Support was the word of the day at Cambria’s annual Veterans Day commemoration: veterans’ support for one another and for the generations to come.
The 55-minute ceremony Tuesday, Nov. 11, at the Veterans Memorial Building featured an award presentation to Cambria’s Alan Doctor, a keynote speech by Col. Bob Wilson and prominent roles for the next generation — as represented by middle school students, Scouts and 4-H members.
“We need to support those that are coming down the path, those that are not yet in service,” said Dave Ehlers, commander of American Legion Post 432 and coordinator of the event. “We need to support them and their families.”
Col. Bob Wilson, the keynote speaker, encouraged those in the crowd of more than 200 to support “the next generation in what comes ahead.”
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Wilson spoke of the support system forged in the military. Service members have always “got your six,” he said. The term, which originated with fighter pilots during World War I, refers to the rear of the airplane, the most vulnerable or 6 o’clock position. It’s another way of saying they watch each other’s back.
“They’ve forged a bond,” Wilson said of veterans. “It’s unique. If you’ve ever served, the men and women you served with, they’re lifelong.”
That turned out to be especially true for Wilson, who married a fellow officer, Col. Maureen Robles. The two moved to Cambria about a year ago. Wilson, who had been stationed at Camp San Luis Obispo in the mid-’80s, “fell in love with the area” and said he persuaded his wife to move to Cambria when the opportunity arose.
Wilson was drafted into the Navy in 1966 and stationed at Camp Pendleton, north of San Diego. He was later assigned to the Marine Corps field medical school and served in Vietnam with the Marines from 1969 to 1970 before receiving an honorable discharge.
More than a decade later, he signed up to serve in the Army as a nurse and served in the first Iraq war, where he recalled wearing a chemical suit for as long as 10 hours at a time while treating patients.
But his most memorable experience, he told the audience, came in Vietnam, when he contracted malaria during the monsoon season.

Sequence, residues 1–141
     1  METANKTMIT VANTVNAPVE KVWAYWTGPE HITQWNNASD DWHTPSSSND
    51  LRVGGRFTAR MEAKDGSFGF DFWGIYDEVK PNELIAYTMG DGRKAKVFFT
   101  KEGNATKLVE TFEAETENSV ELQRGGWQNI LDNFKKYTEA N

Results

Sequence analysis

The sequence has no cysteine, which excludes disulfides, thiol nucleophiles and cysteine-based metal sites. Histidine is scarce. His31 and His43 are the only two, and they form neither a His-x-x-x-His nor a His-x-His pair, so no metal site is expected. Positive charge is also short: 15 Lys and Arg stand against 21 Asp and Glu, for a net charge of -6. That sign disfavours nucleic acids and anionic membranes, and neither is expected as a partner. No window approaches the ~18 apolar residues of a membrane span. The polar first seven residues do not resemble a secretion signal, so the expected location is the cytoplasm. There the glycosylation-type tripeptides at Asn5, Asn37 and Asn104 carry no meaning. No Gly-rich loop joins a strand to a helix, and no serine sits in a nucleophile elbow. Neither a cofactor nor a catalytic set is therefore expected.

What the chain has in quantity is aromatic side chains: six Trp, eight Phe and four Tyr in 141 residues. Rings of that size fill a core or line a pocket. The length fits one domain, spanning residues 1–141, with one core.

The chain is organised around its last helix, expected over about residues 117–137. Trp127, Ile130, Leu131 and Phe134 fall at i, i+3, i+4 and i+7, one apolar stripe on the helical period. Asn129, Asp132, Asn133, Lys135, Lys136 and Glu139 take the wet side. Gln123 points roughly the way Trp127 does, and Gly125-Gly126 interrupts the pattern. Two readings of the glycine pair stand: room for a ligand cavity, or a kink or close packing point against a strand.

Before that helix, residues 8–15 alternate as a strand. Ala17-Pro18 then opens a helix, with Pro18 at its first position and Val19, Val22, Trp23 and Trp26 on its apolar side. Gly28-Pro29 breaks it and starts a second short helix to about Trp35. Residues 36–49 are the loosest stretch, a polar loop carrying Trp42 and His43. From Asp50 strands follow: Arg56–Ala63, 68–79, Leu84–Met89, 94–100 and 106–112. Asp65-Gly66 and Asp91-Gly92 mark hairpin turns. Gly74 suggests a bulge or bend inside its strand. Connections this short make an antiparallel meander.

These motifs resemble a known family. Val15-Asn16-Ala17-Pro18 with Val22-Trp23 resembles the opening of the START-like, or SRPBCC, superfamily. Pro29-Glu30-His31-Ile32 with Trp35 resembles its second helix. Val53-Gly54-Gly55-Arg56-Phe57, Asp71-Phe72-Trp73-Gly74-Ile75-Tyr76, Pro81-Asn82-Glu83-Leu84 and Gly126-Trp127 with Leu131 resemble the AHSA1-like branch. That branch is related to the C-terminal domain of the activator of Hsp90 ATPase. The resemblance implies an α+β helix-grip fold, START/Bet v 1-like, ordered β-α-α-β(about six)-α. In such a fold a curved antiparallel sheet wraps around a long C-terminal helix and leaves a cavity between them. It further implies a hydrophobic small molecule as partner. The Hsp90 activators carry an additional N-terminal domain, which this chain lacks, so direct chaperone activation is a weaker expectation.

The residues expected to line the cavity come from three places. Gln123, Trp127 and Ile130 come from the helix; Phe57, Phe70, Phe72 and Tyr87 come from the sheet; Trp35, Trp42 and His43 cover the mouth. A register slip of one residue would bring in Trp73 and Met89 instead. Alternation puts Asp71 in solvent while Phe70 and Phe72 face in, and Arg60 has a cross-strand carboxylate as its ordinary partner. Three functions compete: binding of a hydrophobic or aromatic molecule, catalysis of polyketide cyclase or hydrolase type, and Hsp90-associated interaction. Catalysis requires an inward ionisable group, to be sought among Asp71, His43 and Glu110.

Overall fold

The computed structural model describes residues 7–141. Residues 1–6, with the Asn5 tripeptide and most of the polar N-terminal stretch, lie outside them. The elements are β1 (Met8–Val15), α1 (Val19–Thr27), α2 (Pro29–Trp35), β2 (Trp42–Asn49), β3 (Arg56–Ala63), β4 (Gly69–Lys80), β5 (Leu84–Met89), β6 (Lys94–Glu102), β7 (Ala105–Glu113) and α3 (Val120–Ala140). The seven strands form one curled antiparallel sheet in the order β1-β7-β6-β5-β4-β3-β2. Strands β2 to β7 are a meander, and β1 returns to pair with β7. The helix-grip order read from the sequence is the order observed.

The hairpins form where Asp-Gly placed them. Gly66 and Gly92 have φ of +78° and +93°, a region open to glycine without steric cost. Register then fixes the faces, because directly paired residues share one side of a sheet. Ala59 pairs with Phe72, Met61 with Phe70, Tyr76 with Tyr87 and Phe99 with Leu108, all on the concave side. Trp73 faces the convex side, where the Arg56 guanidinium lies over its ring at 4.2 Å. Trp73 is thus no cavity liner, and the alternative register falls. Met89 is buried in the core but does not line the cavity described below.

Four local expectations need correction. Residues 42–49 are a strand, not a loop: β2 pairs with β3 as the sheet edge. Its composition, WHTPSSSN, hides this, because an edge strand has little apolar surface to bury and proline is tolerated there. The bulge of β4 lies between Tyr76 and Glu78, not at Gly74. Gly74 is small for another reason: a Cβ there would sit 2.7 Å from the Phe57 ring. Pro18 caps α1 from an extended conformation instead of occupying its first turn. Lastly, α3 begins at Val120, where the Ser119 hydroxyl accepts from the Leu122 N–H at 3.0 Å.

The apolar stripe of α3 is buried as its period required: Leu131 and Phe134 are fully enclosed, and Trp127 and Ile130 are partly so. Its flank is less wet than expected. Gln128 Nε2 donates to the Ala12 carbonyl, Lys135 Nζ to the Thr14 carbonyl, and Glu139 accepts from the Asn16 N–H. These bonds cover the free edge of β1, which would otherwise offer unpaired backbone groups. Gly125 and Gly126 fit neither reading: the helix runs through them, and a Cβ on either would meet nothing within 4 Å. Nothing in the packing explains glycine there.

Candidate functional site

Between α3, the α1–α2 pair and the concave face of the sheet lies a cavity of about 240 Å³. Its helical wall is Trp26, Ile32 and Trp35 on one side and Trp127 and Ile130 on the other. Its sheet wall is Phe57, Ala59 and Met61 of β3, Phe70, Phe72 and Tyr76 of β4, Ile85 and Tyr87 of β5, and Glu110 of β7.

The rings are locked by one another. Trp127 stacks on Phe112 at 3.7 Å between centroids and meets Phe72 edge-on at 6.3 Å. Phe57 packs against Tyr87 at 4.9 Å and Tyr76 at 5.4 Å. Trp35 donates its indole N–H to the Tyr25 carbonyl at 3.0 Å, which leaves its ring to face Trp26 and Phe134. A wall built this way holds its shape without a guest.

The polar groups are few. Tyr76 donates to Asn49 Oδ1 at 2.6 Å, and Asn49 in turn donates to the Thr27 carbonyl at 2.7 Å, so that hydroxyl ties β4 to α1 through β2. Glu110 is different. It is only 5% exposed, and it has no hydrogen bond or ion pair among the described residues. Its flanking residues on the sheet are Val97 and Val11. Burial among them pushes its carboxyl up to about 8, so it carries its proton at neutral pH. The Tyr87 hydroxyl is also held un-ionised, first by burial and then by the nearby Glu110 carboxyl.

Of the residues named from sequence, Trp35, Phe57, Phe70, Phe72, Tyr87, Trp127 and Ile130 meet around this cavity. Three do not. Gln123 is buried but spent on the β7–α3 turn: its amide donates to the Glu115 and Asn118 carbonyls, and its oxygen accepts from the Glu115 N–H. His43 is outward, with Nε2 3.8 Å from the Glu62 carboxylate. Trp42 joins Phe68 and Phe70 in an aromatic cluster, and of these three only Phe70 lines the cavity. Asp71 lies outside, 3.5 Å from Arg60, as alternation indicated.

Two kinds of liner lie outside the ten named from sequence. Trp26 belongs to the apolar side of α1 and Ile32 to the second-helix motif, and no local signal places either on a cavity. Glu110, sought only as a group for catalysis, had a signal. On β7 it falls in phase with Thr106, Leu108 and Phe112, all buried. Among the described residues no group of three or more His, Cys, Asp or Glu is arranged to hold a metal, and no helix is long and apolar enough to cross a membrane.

“They couldn’t get a helicopter in for medevac (medical evacuation),” he recalled. “We were pretty much stuck on a hill for about five days. At night, members of my platoon would go through and drop off a poncho liner to me. That is like your prized possession. No one gives you their poncho liner.”
But those serving with Wilson did just that. Wilson said it was emblematic of the support service members show one another.
“You became a brotherhood. They did anything for you, and you did anything for them,” he told the audience. “They gave me values that I’d never be able to replace in my civilian life.”
Those values were being passed along to the younger generation, some of whom gave presentations Tuesday.
Those speaking included Santa Lucia Middle School students Melody Robertson and Hannah Chaffin; Tori Ehlers, who recited “What is a Veteran,” and Meg Stern, who read a short poem dedicated to veterans. Sequoia Friedman and Jack May led the Pledge of Allegiance.
After the keynote address, Dave Ehlers presented the Don Bowman Patriotism Award to John Angel, a World War II veteran who has been active in Cambria as a member of the Community Services District board and an elder in the Presbyterian Church.
As chaplain for Post 432, he also delivered the invocation and presented the Army’s colors Tuesday.
“I don’t usually have any problem in public speaking, but your really got me on this one,” Angel said in accepting the award.
Also presenting the colors for their respective branches were veterans Jerry McKinnon (Coast Guard), Lou Fedor (Merchant Marine), Don Cowles (Air Force), Coral Smith (Navy) and Lou Estrada (Marines).
The event featured the playing of taps by Alan Doctor, the national anthem performed by Melanie Gruber, and renditions of “America the Beautiful” and “God Bless America” by the Cambria Men’s Chorus.